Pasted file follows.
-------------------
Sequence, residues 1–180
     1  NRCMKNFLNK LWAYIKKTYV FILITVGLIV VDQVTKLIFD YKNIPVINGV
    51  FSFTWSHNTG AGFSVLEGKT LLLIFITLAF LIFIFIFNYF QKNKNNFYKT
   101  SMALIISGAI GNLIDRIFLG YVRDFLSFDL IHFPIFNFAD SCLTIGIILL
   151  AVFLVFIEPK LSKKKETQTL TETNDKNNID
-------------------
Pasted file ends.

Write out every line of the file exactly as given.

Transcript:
Sequence, residues 1–180
     1  NRCMKNFLNK LWAYIKKTYV FILITVGLIV VDQVTKLIFD YKNIPVINGV
    51  FSFTWSHNTG AGFSVLEGKT LLLIFITLAF LIFIFIFNYF QKNKNNFYKT
   101  SMALIISGAI GNLIDRIFLG YVRDFLSFDL IHFPIFNFAD SCLTIGIILL
   151  AVFLVFIEPK LSKKKETQTL TETNDKNNID